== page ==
I am not fond of snakes. Snakes are, at best, creepy and, at worst, deadly. So I avoid them. This, however, has not always been my opinion.
As a youngster I found grass snakes and garter snakes fascinating and often made (temporary) pets of them. Much to my mother’s chagrin.
In one elementary school science class it was a special privilege afforded only to the top students to “wear” the class boa constrictor for a portion of each class period. I kept my grades up more for this badge of honor than for academics sake.
Snakes were fascinating.
My mind may have started to change the day some school chums and I found a pretty, brightly colored snake on the playground. We teased it and prodded it with a stick until recess was almost over. When we failed to arrive at a consensus as to who was to be the first to take it home, one fellow stated that we should just cut it up and each take a piece. For some, now unfathomable, reason that horrific solution satisfied each of us and one boy used a pocket knife to carry out the sentence.
When we got into class, we were each secretly toying with our snake bit. The teacher caught one of us and demanded to see what he had that was so interesting that he could not pay attention to the lesson. When he showed her, she blanched. You could actually see the color drain right out of her face.
To her credit, she remained calm as she demanded that we each surrender the various pieces. I imagine she as looking for the toothy bit.
Then her lesson plan changed. Whatever we were studying got shelved and she launched into a lesson on herpetology: focusing on identifying locally indigenous snakes. She stated that although some snakes are harmless, they are still living creatures and should not be harassed. This particular snake was a coral snake – a venomous snake. Had it bitten one (or more) of us, it was likely that we would not have lived long enough to be taken to a hospital for treatment. Coral snakes use a neurotoxin that paralyzes the heart and lungs. It’s a terrible way to die, and it happens quickly.
Since then I have encountered other venomous snakes –and have avoided being bitten myself. But have seen first hand the agony that such a bite brings.
Not all snakes are dangerous. Most are actually beneficial in that they rid us of mice, rats, moles and such. Some non-venomous snakes even eat the venomous snakes. Killing every snake encountered on sight just because it is a snake is not rational.
But it is tempting.
The other day I was working on a construction project in my garden. I happened to look over onto a garden box and noticed, with a start, that I had an unexpected audience.
This visitor was sunning itself about 5 feet from where I was digging. At first the alarms went off, “SNAKE”. But I quelled those when I recognized it as a common grass snake, something I should welcome in my garden because of its dietary preferences. I was tempted to chase it off (it was creeping me out) but that seldom works. Snakes of all stripes become defensively aggressive when challenged. They rarely just run away from a threat. I don’t have a snake pole, and I wasn’t of a mind to grab it and carry it out, so I decided to just leave it alone.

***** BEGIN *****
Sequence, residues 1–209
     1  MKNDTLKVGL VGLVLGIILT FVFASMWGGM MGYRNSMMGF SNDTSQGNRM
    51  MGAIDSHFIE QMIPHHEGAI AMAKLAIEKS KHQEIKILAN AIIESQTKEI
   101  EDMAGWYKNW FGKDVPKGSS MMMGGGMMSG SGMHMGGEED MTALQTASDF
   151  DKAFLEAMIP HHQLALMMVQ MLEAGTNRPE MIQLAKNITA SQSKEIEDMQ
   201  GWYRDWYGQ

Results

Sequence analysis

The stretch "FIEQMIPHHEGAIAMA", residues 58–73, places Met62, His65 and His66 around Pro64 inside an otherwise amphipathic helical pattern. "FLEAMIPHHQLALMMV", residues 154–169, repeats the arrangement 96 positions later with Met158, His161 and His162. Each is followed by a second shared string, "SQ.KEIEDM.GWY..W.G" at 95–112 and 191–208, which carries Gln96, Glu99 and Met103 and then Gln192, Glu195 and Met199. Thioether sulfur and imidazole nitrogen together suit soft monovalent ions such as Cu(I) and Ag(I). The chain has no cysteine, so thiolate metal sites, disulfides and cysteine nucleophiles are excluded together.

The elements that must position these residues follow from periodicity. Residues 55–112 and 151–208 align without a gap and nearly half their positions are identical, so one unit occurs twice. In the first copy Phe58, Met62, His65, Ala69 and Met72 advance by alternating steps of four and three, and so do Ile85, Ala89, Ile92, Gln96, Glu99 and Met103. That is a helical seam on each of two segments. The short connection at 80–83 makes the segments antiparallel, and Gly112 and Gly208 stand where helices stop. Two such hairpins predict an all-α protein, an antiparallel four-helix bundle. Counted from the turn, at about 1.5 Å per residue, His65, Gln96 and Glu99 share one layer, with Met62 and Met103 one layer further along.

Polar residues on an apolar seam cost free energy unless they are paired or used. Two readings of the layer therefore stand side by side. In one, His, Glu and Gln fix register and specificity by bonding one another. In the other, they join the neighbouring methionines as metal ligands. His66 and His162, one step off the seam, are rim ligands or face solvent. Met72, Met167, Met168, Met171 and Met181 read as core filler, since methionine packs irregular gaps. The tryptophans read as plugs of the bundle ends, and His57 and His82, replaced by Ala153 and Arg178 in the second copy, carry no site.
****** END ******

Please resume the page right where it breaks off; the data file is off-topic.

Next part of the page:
I took a landscape timber up to the workshop to cut it to length.
When I came back, my visitor was gone from its sunning spot. It probably didn’t care for my watching it any more than I cared for it watching me. But instead of relief, I felt apprehension: where did it go? Would I find it under the plastic sheeting I was working with? I shuddered.
But, no … more likely it crawled into the deep shelter of the sweet potato vines that overflowed the garden box next to the one it was sunning in. Maybe it lived there. If so, it will probably stay in there, safely hidden from the monstrous creature wielding a pick axe just outside.
In time I finished my work for the day, packed up my tools and went inside.
Early the next morning I came out to plan the continuance of my work and again encountered my visitor. This time, quite lifeless. It was not torn up or chewed, but dead just the same. I can only speculate what happened to it. My best guess would be that it was out foraging this morning (or more likely late yesterday evening — it’s chilly in the mornings) and one of the dogs (probably Blondie: she has a history) spotted it and flapped it to death.
I fetched the poop-bucket and clam-shell grabber I use to clean up the play yard and removed the limp remains before someone decided to make a meal or a toy of it.
I am not fond of snakes. But as I disposed of this one, I did not feel elation or vindication, but sadness. Perhaps I should have captured the thing and relocated it outside of the fenced play yard.
If snakes could read I’d post stumpy little signs warning them of the danger in trespassing on the dogs play yard. But they can’t, so they follow their tongues to where they think they’ll find food. Sometimes that works out well for them. Sometimes … not so much.